FABBS recently held its annual meeting and would like to share the highlights with you as a member of the Psychonomic Society.
    December 11, 2013
    Applications are sought for graduate and postdoctoral fellowships offered by the Auditory Cognitive Neuroscience (ACN) Training Network.
    December 11, 2013 Advocacy
    Act now to urge your federal elected officials to support a bipartisan, balanced approach to deficit reduction that protects investments in science.
    December 11, 2013
    APS announces a major new initiative: The inaugural International Convention of Psychological Science (ICPS) to be held in the heart of Amsterdam on 12-14 March 2015.
    Federated Conference on Computer Science and Information Systems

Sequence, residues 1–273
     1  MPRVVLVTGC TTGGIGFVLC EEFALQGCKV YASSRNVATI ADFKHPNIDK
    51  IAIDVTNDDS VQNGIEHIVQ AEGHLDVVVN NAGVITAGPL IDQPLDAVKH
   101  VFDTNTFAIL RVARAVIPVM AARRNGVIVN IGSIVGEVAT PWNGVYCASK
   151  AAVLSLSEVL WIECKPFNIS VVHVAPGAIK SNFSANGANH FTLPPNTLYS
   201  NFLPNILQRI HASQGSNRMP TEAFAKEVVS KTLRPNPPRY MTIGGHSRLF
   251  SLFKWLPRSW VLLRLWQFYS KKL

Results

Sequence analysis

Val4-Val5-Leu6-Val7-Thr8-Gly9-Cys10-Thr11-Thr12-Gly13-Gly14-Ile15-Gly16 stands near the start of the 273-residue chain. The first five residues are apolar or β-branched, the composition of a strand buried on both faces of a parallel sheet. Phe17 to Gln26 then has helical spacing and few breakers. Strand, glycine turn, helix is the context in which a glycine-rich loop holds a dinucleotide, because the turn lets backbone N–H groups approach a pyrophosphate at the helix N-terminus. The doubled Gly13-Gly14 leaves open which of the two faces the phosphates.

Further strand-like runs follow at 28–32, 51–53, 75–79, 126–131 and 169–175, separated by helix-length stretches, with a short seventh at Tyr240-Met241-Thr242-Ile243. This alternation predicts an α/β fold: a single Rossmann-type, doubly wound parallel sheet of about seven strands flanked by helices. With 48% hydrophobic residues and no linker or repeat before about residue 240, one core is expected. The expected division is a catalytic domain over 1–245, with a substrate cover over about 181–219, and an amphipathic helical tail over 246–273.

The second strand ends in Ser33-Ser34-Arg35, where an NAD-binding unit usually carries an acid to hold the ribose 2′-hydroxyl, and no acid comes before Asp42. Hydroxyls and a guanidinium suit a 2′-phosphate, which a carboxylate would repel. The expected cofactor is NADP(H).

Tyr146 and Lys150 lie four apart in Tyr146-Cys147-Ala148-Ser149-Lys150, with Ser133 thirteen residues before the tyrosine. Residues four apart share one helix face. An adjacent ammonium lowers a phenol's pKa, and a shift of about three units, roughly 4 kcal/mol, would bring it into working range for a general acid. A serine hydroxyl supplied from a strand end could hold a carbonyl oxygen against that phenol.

December 11, 2013
    The 2014 Federated Conference on Computer Science and Information Systems cordially invites you to consider contributing an Event (conference, symposium, workshop, consortium meeting, special session).
    Basque Center on Cognition, Brain and Language
    December 11, 2013
    As part of its wider scientific and knowledge-transfer activities, the Basque Center on Cognition, Brain and Language (www.bcbl.eu) is delighted to announce a workshop dedicated to the mechanisms of learning and memory consolidation.